Becky Jones, Volunteer and Access Lead at Cotswolds National Landscape, said, “The success of the trail over the last 50 years has been down to the volunteers: from the Ramblers who created the route, to the Cotswold Voluntary Wardens who have given their time, skills, and enthusiasm to maintaining and improving it to make it such an important feature of the Cotswolds landscape for everyone to enjoy.”

And there is more to do – with a greater emphasis than ever before on working to make traditional walking routes more accessible to disabled ramblers, funds are needed now to continue to adapt appropriate sections of the route so that a greater range of audiences can enjoy and explore what it has to offer.

The relay teams will conclude their efforts on Sunday 19th September with a final leg from Broadway to the start/end marker stone for the Cotswold Way in Chipping Campden. And after that? Very likely a huge quantity of well-deserved tea and cake! Members of the public are encouraged to look at and websites to find guided walks featuring sections of the Cotswold Way to experience the route for themselves. To contribute funds to the Cotswold Way Association, please visit

For more information about the Cotswold Way Association, please visit

New water bottle filler in Winchcombe

Winchcombe Walkers are Welcome are pleased to announce a new water bottle filler in Winchcombe.

Hanging Hill Dry Stone Wall Restoration

1st July 2021 saw the completion of the restoration of a 400m+ section of the dry stone wall that runs parallel with the Cotswold Way at Hanging Hill (GR: ST 71243 70161).

Ebley Bridge reopens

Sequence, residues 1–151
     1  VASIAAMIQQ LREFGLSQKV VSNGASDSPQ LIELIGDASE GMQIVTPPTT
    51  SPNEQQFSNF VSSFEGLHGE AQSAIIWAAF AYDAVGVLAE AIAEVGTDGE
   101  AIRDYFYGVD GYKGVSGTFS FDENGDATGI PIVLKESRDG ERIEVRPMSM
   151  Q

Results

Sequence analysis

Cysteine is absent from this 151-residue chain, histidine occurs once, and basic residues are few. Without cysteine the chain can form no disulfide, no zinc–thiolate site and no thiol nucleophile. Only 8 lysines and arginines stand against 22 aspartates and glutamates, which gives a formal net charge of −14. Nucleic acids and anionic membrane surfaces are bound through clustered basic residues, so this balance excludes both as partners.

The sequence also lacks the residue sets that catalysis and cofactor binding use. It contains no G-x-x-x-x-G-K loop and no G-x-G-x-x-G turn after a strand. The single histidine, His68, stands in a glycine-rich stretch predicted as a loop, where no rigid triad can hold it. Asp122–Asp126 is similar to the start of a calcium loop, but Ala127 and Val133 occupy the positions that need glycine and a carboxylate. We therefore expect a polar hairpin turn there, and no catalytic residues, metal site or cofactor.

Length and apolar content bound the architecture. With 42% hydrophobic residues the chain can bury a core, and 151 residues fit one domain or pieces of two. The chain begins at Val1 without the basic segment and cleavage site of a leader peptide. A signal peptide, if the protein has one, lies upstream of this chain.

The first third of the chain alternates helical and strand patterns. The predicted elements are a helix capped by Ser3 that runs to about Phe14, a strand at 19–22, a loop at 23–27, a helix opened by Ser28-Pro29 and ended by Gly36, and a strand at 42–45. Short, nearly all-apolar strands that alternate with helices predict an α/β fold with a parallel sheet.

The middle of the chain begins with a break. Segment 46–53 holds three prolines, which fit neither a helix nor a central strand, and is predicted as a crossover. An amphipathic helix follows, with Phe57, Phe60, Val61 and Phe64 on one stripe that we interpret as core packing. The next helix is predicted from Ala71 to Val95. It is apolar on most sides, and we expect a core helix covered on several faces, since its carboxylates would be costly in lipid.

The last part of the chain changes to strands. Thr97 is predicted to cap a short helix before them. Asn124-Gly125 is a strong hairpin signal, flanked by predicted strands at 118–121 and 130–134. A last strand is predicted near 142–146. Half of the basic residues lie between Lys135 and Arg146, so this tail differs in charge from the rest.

We are pleased to report that the popular public footpath across the River Frome in Ebley, near Stroud, which had been badly damaged by flooding last year, has now been repaired and is reopen, and the diversion for the Cotswold Way has been removed.

Ebley bridge along the Cotswold Way, now repaired after major flood damage. Photo (c) Ian Soule, Gloucestershire PROW

Celebrating the Cotswold Way!

Throughout 2020/2021, we are celebrating the 50th Anniversary of the Cotswold Way.

2020 markedthe 50th Anniversary of the Cotswold Way. 

In May 1970, the Ramblers and Cotswold Wardens celebrated their marking of the long distance path from Chipping Campden to Bath.  It was hoped that we could recreate these celebrations in May, working in partnership with Robert Welch, whose Chipping Campden shop is celebrating its’ 50th anniversary, John Lewis, and the Ramblers Association.  Sadly due to the current crisis these have been postponed until 2021, but this does not stop our online celebrations and we would really welcome any old photos that you may have of the Trail over the last 50 years that capture the essence of the route and the changes that we have seen.  Please email them to

Access to the countryside will become increasingly important to local people and business’ in the future and there will be plenty of work to be completed along the Trail to make it as accessible as possible, so please consider supporting the 50th Anniversary of the Cotswold Way through the virgin money giving page at to help improve the Cotswold Way for future generations.

Missing Cotswold Way Signs

Two of Wotton –Under-Edge’s Cotswold Way signs have gone missing!

The signs help visitors to Wotton-under-edge follow the correct route for the Cotswold way.

The signs belong to Wotton –under-edge town council and were placed under the Bradley street road sign at the end of July 2020.

The signs disappeared between July and November this year. Did anyone see someone unscrewing the signs? They were at a height of seven foot so would not have been easy to reach.


Many people from all over the world visit our beautiful region of outstanding natural beauty, to walk the Cotswold Way and it brings  a considerable number of tourists to the town .

If anyone can shed light on the missing signage please get in touch with  or telephone 01453 843210